This article adds to the research on fathers' needs and preferences in parenting interventions. A survey was conducted with 1,001 Australian fathers regarding barriers to participation, aspects of parenting interventions seen as important, preferred delivery formats, content of interest, any concerns about their child's behaviour, previous participation in a parenting intervention or treatment for child behaviour problems, helpfulness and relevance of that program, factors in their decision to participate in a parenting program, involvement in child rearing, and their marital status and child's living arrangements. The article also looked at the association between reported child externalising behaviour problems and the fathers' views on programs and participation.
Children Australia v. 42 no. 4 Dec 2017: 248-255
This article explores the impact of a playgroup aimed at fathers in south-east Queensland. The Dad's Playgroup is run as part of Communities for Children Logan and though facilitated by two male workers is not organised in a particular way. Drawing on interviews with 6 of the fathers, the article looks at the impact on fathers and their partners, the changes that occurred for parents and children, whether needs were met, and how the playgroup functions as a support service for fathers.
3 August 2017
Families do best when parents act as a team in forming a strong connection to their new baby, and this is exactly what happens in many families. In others, the stresses of the new relationship and the demands of the new baby make for less healthy outcomes. Traditionally, services that provide support to new parents have targeted mothers - and engaging fathers has been a challenge. With mounting evidence of fathers' contribution to children's development, however, and the recognition of the importance of parenting partnerships in children's wellbeing, services have started to focus on better ways to engage fathers. This webinar will provide a range of examples that illustrate effective messaging with fathers, including video-feedback, group work, SMS texts and father-child play. Strategies for successful messaging, including topics, style and mode of delivery, will also be covered.
Washington, DC : Child Welfare Information Gateway, 2016.
"Engaging families in the casework process promotes the safety, permanency, and well-being of children and families in the child welfare system and is central to successful practice. Effective family engagement occurs when child welfare practitioners actively collaborate and partner with family members throughout their involvement with the child welfare system, recognizing them as the experts on their respective situations and empowering them in the process. This bulletin provides an overview of the foundational elements of the family engagement approach, followed by strategies and promising practices for implementing this approach at the case level, peer level, and systems level."
17 May 2016
This webinar will arm professionals with a solid understanding of what community engagement involves, how it's done, and how it can improve outcomes for children and families. To give participants a sense of how this looks in practice, an example of successful community engagement in Tasmania will be presented. Angela Sayer, a parent who was actively involved in the co-design of her local Child and Family Centre, will describe her experiences and offer insights for professionals seeking to authentically engage parents in the design and delivery of services. The presenters have also published a paper on this matter, 'Community engagement: A key strategy for improving outcomes for Australian families.'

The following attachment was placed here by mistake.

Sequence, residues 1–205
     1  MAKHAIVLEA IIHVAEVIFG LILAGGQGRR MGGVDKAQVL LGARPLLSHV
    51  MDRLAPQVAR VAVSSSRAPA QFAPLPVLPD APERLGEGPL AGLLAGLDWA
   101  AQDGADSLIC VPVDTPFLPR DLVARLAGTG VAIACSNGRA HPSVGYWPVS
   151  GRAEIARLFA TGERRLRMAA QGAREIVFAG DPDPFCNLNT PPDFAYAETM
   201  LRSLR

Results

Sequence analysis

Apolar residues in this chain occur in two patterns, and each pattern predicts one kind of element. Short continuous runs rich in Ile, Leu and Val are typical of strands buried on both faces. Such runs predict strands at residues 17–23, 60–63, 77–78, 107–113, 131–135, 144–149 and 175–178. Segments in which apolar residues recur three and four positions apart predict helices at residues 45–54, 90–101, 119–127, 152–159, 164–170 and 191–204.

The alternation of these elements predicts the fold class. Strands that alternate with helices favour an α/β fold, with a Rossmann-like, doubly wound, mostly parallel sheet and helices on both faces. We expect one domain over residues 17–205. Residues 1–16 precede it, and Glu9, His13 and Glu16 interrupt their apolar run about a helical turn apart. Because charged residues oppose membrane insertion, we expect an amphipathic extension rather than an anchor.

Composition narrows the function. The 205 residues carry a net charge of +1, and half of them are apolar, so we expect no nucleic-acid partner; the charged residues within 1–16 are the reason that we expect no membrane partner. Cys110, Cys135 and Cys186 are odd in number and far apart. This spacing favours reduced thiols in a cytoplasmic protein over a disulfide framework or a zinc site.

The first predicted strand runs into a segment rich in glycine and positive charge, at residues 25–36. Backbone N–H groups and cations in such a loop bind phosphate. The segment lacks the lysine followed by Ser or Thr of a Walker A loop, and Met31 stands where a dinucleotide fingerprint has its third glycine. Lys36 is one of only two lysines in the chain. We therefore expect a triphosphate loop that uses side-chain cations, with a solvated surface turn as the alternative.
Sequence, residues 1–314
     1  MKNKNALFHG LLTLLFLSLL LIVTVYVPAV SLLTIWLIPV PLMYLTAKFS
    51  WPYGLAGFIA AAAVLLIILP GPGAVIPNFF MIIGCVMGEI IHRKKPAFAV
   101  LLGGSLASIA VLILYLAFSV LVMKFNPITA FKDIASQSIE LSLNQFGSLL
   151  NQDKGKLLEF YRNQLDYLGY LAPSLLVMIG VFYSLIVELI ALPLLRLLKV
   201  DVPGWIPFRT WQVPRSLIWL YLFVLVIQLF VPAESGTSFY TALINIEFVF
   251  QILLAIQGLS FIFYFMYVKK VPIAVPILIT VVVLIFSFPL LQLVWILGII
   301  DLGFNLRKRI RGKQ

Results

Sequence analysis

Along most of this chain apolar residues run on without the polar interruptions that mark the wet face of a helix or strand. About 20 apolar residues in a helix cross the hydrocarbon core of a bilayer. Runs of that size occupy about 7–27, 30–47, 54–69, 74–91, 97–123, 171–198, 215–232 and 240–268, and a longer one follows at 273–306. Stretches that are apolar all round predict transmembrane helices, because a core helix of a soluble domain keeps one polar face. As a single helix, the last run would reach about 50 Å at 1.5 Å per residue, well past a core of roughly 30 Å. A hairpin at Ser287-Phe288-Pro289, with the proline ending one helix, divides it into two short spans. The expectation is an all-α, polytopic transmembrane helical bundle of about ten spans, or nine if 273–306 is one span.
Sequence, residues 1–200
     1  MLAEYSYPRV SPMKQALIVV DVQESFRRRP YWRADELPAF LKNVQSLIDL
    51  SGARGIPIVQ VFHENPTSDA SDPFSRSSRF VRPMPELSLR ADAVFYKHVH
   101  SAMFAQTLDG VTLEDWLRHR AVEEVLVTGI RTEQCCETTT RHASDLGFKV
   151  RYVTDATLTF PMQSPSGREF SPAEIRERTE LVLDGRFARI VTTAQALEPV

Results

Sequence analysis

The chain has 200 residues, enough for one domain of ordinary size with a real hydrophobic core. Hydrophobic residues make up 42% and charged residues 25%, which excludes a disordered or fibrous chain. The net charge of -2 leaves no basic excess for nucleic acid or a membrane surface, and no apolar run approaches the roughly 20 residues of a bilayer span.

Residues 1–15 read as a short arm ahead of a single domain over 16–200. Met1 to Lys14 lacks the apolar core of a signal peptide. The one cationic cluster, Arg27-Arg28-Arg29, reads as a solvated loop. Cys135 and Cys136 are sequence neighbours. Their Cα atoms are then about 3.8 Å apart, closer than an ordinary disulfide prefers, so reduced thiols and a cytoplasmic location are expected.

Journal of Family Studies v. 22 no. 1 Apr 2016: 20-31
Following the Family Law Amendment (Shared Care Responsibility) Act 2006, Family Relationship Centres (FRCs) were established to offer a range of programs to families, including mediation, following separation. We carried out a qualitative study funded by a non-government organisation which investigated the effectiveness of Parenting Plans. Twenty-three (12 females and 11 males) separated/divorced parents participated in semi-structured interviews conducted in the Perth metropolitan area and a regional area in Western Australia. The focus of this paper is a critical case analysis of one man's experience of the mediation process. Our aim is to contribute to this developing issue through the inclusion of some of the challenges for men in engaging in the mediation process more actively. These include: an examination of the influence of socio-political factors on mediation services; some men's reluctance in seeking help; and recent understandings of men's grief following separation that can have direct application to participation in mediation. We maintain that that this knowledge can inform mediators' education and training through supervision. At a broader level, the inclusion of this critical case analysis and its theoretical explanations has the potential, in some cases, to contribute to more meaningful post-separation relationships for all family members.
Washington, D.C. : Urban Institute, 2015.
Home visiting programs have traditionally targeted pregnant women and mothers, but there is growing recognition of the role of fathers and the need to engage men in services too. The United States the Office of Planning, Research, and Evaluation commissioned this study to understand how home visiting programs engage fathers, the experiences of fathers in such programs, and the perceived benefits of fathers' participation. Site visits were conducted with 5 programs targeting at risk families, learning more about the methods and approaches used to encourage father engagement, the recruitment and engagement strategies used, types of fathers who are considered hardest to engage, the role of mothers in facilitating or discouraging engagement, and fathers' motivations for participating. The report presents the findings, the lessons learned, and the recommendations of staff and parents for improving engagement.